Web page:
For many Filipinos, working as a caregiver in Canada is a way of supporting their families back home. Canada's population is aging and many homes have two working adults, creating a need for nannies and nurses.

Becoming a caregiver provides a path to Canadian citizenship and an opportunity to bring family later. Caregivers play an important role in Canadian families. Those who care for kids can become a major influence on the child’s development and socialization.

Filipino workers have been pioneers of social pluralism, bringing different perspectives to culturally-isolated homes.

Listen to Carl Francis discuss his experiences as a live-in caregiver:

Filipino Caregivers in Toronto


Filipino nurses, Toronto, 1960s. MHSO-Collection FIL-007.

It’s very humble to be in a family where it’s not your culture ... I’m very blessed that I got into [a] family where I feel that I belong in there as family, too.


Carl Francis
Live-in caregiver

Silent Strife

Some Filipino caregivers in Canada feared being exploited. Filipino caregivers pushed for greater clarity from the Canadian government regarding work hours, pay, health care, and protection of their immigration status.

Many lived with their employers and in the event of a conflict found their contracts could be suddenly terminated, affecting their ability to apply for permanent residency. In the 1980s, the Coalition of Visible Minority Women advocated for the right of caregivers to stay in Canada after their contracts ended.


Good enough to take care of your baby, good enough to stay in Canada.


Coalition of Visible Minority Women's motto

The Filipinos who chose to become caregivers in this country over the last 60 years displayed courage on their journey and they have contributed to the health, stability, and development of many Toronto families.

Maintaining close ties with distant family is important to Filipinos living in Canada and they often ship home large cardboard boxes stuffed with gifts and sundries, known as Balikbayans. Often the boxes contain canned food, clothes, toys, and other surprises.

The Filipinos who chose to become caregivers in this country displayed courage on their journey and they have contributed to the health, stability, and development of many Toronto families.

Listen to Carl Francis discuss how his work affects him:

Family Ties


We Filipinos are very family oriented, we’re really passionate about family. We tend to really help our family in any way we can.


Carl Francis
Live-in caregiver

About Diversity Stories

Diversity Stories explores how immigrants have changed Toronto, and how the city has changed them.

Prior to the 1960s, Toronto’s population was mostly of British and Irish descent and discrimination against non-white people was common. When Canada’s immigration policies changed, Toronto transformed, becoming a city world famous for its cultural and ethnic diversity. Since launching in 2012, this youth-led project has collected and told the stories of nine Toronto’s immigrant communities.The above story of the Filipino community was written by Tyson Brown and Ysabel Espina and edited for length by Heritage Toronto staff.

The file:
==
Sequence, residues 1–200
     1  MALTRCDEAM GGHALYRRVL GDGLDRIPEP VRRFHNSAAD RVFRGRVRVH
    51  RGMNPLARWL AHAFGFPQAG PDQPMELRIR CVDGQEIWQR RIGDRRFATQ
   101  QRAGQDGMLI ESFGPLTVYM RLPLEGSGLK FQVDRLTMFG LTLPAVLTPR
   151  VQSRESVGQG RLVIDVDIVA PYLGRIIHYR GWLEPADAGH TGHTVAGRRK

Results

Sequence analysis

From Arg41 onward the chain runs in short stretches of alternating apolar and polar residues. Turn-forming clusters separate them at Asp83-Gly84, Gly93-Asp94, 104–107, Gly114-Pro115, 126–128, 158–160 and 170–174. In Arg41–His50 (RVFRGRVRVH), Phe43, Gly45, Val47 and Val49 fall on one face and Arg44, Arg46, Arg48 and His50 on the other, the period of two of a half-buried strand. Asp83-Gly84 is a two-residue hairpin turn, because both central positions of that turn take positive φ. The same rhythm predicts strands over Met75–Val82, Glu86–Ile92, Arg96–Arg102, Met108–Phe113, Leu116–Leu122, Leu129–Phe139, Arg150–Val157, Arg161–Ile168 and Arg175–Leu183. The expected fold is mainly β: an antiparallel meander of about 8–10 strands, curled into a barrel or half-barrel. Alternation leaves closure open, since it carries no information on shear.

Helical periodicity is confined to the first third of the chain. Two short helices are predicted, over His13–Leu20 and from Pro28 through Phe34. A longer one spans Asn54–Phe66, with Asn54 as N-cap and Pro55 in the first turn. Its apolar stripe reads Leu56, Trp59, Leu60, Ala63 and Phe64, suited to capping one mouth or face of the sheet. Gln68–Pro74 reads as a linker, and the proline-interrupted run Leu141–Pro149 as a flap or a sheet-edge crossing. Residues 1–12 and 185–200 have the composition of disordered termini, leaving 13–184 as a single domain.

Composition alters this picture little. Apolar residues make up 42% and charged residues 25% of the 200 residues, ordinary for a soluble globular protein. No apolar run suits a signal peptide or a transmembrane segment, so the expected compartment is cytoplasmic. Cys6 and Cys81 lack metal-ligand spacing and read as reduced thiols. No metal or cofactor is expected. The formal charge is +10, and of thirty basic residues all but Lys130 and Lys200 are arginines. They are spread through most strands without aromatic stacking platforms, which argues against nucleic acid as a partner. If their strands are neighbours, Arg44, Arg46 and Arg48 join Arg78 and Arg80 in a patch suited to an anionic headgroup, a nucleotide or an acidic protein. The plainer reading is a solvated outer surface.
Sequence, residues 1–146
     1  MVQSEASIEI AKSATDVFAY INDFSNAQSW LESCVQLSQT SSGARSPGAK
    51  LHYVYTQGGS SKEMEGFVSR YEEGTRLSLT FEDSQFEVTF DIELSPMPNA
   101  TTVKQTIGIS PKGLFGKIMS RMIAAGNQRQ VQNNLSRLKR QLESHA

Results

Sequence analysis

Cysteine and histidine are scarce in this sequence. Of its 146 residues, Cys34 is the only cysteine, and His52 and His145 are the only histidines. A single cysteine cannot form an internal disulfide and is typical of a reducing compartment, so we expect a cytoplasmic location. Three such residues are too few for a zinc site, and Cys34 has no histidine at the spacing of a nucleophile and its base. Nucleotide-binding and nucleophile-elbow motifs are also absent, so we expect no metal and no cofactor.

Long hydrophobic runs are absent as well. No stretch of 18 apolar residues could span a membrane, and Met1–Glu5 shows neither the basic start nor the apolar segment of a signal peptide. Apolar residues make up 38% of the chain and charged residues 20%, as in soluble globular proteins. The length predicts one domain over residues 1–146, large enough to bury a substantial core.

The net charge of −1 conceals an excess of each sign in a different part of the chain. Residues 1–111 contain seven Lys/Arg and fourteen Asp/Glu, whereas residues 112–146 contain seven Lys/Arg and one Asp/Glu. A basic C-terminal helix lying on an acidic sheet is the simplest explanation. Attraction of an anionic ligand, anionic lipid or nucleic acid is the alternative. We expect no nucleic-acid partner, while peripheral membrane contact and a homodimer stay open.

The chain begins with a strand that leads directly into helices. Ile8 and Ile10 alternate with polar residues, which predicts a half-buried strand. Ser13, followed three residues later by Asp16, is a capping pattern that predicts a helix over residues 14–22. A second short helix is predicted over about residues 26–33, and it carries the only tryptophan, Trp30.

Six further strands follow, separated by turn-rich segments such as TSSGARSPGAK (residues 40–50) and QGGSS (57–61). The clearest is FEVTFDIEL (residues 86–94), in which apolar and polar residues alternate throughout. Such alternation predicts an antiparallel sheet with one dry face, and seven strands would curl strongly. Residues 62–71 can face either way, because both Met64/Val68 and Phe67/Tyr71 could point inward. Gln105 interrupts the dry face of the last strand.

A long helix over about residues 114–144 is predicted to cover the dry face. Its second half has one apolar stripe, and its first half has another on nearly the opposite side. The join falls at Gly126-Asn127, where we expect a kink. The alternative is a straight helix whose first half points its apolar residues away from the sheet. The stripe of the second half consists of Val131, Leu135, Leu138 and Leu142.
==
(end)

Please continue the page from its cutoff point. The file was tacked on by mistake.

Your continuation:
Read the unabridged story in Tagalog here.


Interview with Carl Francis Diaz

Interview with Leonora Taculad

Anita Beltra Chen, From Sunbelt to Snowbelt: Filipinos in Canada, (Canadian Ethnic Studies Association, 1998)

Art Valladolid, ‘Even Among Filipinos; Poverty in Toronto is not an Urban Legend’, Retrieved from:

Phillip Kelly, ‘Filipinos in Canada: Economic Dimensions of Immigration and Settlement’, Retrieved from:

Ruben Cusipag, Portrait of Filipino Canadians in Ontario: 1960-1990, (Kalayan Media, 1993).

Rosalina Bustamante, ‘A Growing Community in Fast Growing City’ Polyphony: Toronto’s People, Vol. 6, (Multicultural History Society of Ontario, 1984), pg. 168-171.

Rosalina Bustamante, ‘Filipino Ethnic Newspapers in Metropolitan Toronto’, Polyphony: Press, Vol. 4, No. 1, (Spring/Summer, 1982), pg. 74-76.

Rosalina Bustamante, ‘Filipino Women and Equality’, Polyphony: Women and Ethnicity, Vol. 8, No. 1, (Multicultural History Society of Ontario, 1986), pg. 77-79.

Silayan Community Center Brochure



Heritage Toronto is pleased to acknowledge the support of the Government of Ontario, through the Ministry of Tourism and Culture, for this project.

Black and white Province of Ontario logo

Stay informed.

Our What’s On newsletter, issued every month, highlights the latest in heritage news and events.